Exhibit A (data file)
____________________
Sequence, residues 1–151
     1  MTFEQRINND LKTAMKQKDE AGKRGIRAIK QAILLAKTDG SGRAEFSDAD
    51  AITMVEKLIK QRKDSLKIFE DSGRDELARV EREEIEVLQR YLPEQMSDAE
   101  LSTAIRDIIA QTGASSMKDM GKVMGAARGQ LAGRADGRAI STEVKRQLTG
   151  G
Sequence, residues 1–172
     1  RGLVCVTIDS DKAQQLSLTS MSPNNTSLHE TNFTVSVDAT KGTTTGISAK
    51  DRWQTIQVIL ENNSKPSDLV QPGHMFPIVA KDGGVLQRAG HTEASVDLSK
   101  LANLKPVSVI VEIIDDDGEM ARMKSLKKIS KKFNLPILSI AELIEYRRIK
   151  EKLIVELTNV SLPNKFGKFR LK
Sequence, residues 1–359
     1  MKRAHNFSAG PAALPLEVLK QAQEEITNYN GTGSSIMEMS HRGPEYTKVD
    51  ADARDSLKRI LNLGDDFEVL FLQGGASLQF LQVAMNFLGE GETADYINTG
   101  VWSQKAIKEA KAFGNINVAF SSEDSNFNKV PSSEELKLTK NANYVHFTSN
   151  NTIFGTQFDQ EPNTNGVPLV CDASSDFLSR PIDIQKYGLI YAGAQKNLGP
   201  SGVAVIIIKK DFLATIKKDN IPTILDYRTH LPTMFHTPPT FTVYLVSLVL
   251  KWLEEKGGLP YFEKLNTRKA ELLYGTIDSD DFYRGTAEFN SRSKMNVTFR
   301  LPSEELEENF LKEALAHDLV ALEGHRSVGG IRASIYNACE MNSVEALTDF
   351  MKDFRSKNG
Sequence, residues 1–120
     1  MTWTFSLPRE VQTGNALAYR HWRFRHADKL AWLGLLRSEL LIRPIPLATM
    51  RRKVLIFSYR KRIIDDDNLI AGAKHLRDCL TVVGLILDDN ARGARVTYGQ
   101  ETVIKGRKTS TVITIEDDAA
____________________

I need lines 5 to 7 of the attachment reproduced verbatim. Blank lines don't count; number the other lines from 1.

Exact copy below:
   151  G
Sequence, residues 1–172
     1  RGLVCVTIDS DKAQQLSLTS MSPNNTSLHE TNFTVSVDAT KGTTTGISAK